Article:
Purchasing Solidworks 2010

I started at a new position a few weeks ago where the job description included designing new products and updating existing designs. This meant learning a new software package as the only one available was Autocad 2004. None of our customers or suppliers had demanded 3D files and the engineers on staff were all accustomed to Autocad so there was no reason to upgrade. Luckily though, management moves quickly in making decisions and I was able to convince a few people that there were some benefits to getting a new package. Thanks to my past role and recent Solidworks ESP I was confident enough to push for them getting a seat and the buying process began.

Things ran smoothly getting setup. My reseller contacted me a day after I submitted a request for quote and even ran me through a few options and because of the timing we were able to take advantage of the Free Upgrade to Premium. Pretty excited about that and the prospect of utilizing Photoview 360 for some neat renderings.

Now I've got some fun tasks ahead of me.
1. Install Solidworks on new computer.
2. Update old files using import. (This may be tough/useless as many of our autocad files are not to scale)
3. Setup templates for drawings
4. Build design library of common components and features. ie. model all of our products
5. Keep best practices so that others can easily understand how things are modeled and referenced and changes are intuitive.

Working in 2 CAD Programs.

I've still use Autocad 2004 because but the plan is to migrate all existing lines, and new designs, to 3D format in the next few months. Autocad isn't so bad, it is useful for sketching, relatively easy to learn but my big complaint now are the nuances that are different in the two systems (can we standardize what scrolling up means, is it zoom in or out?)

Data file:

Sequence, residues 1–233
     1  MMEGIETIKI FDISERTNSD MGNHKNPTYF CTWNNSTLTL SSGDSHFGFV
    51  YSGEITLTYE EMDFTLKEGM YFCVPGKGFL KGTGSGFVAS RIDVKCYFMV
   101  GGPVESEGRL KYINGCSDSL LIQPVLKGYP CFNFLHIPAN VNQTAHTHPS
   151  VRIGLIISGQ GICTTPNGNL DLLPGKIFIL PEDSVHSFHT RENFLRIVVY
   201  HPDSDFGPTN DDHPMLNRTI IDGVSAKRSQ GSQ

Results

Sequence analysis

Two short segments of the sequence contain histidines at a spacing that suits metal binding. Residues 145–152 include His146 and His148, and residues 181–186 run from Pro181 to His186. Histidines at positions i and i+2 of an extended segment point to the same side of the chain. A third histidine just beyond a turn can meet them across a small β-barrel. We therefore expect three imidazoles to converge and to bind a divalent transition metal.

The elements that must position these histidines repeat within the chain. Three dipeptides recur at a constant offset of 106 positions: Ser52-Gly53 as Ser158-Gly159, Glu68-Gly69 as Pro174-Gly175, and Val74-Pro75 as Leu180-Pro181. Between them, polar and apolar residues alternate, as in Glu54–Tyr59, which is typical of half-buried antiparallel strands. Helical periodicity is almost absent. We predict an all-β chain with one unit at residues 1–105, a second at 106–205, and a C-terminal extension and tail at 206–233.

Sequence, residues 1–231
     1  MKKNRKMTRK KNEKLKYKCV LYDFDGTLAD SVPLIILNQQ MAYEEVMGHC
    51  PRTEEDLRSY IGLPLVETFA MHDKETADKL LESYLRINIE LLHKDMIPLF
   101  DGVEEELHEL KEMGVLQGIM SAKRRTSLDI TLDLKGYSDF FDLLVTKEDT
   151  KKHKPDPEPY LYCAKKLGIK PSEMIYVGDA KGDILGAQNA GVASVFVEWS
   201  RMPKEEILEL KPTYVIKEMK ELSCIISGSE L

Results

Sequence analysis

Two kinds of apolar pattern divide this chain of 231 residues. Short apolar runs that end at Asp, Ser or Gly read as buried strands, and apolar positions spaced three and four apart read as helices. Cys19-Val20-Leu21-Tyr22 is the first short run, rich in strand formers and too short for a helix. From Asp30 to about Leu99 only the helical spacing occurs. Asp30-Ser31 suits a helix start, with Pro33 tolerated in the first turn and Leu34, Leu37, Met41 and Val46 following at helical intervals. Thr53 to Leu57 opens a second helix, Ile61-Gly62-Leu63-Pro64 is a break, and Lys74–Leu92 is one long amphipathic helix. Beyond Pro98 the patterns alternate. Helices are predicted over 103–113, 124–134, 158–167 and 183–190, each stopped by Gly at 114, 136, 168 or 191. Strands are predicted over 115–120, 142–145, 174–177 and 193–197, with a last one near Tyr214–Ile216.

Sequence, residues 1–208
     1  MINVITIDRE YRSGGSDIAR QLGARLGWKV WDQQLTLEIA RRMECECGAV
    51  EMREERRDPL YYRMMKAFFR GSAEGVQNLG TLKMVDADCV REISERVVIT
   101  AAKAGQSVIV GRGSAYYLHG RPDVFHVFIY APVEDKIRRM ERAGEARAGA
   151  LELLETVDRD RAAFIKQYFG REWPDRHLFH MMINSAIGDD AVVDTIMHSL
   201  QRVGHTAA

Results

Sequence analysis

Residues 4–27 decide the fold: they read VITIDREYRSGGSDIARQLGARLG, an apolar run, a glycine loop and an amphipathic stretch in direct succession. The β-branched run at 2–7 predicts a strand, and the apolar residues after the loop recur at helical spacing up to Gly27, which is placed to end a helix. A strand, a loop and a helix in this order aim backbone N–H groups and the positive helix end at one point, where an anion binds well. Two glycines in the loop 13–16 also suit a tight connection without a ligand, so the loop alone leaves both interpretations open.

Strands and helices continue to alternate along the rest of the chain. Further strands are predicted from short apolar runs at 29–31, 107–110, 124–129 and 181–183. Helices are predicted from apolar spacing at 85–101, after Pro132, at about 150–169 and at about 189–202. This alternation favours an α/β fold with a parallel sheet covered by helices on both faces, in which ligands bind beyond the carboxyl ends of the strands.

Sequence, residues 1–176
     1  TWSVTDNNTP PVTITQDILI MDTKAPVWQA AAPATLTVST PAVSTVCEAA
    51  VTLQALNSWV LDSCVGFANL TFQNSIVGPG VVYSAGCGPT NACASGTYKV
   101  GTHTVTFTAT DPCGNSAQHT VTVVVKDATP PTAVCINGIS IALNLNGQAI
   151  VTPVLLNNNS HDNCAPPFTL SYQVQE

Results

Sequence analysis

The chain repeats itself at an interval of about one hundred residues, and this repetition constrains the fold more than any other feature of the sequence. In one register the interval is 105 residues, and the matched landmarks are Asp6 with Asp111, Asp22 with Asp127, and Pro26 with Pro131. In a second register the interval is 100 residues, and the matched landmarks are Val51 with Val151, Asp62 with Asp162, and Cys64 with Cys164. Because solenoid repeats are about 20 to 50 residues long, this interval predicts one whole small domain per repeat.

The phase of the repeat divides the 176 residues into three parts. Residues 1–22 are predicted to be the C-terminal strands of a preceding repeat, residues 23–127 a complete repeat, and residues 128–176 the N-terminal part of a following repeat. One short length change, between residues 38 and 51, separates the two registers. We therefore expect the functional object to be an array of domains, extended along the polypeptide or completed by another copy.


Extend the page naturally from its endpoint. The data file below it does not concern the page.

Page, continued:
More on this later.

Sharing CAD models: IPhone and Screen Capture

Be able to model a new idea is one thing, displaying it for others can be an entirely different beast. Many CAD systems are expensive and the intended audience does not always have access to the software required to view models. Sure there are helpful tools like "EDrawings" but sending executable files can be a bear. PDF's exist but the hassle of creating one, and the lack of 3D for many means that the preferred way to send a design is by taking screen shots.

I used "Print Screen" and pasted an uncropped images in emails for a long time before I decided to look for a better option. A quick search led me to Cropper. This was a handy tool when it came to the CSWP writeups, the application is small quick and best of all I don't have to paste each shot into a word document before moving on.

So then the question becomes, how do you mark up an image. Simple things like arrows, text boxes and the like can obviously be done in Paint or something similar but I prefer another Image editor called GIMP. GIMP is the open source equivalent of Photoshop meaning not only is useful to markup screen shots but it is also a great tool to get photo realistic renderings of models. Further explorations into is one of the goals of this blog.

The above programs are helpful (and free) for 2D but what about showing off 3D models. I always have my phone on me a quick fly through of a model would be seriously useful for friends and family (or clients) without all the hassle. I'm still looking for a great app for this but there are a few options.

The first I found through an email the other day. 3DVia is a website that provides hosting for 3D models (account required ). But there is also an iPhone app which is fun to play with and can do an alright job of displaying models. The below picture is taken from a sample #d file and a quick photo from a 3GS.

The insert into picture function is a bit lacking as the models are difficult to rotate but it's a good start and a fun tool to express some ideas.
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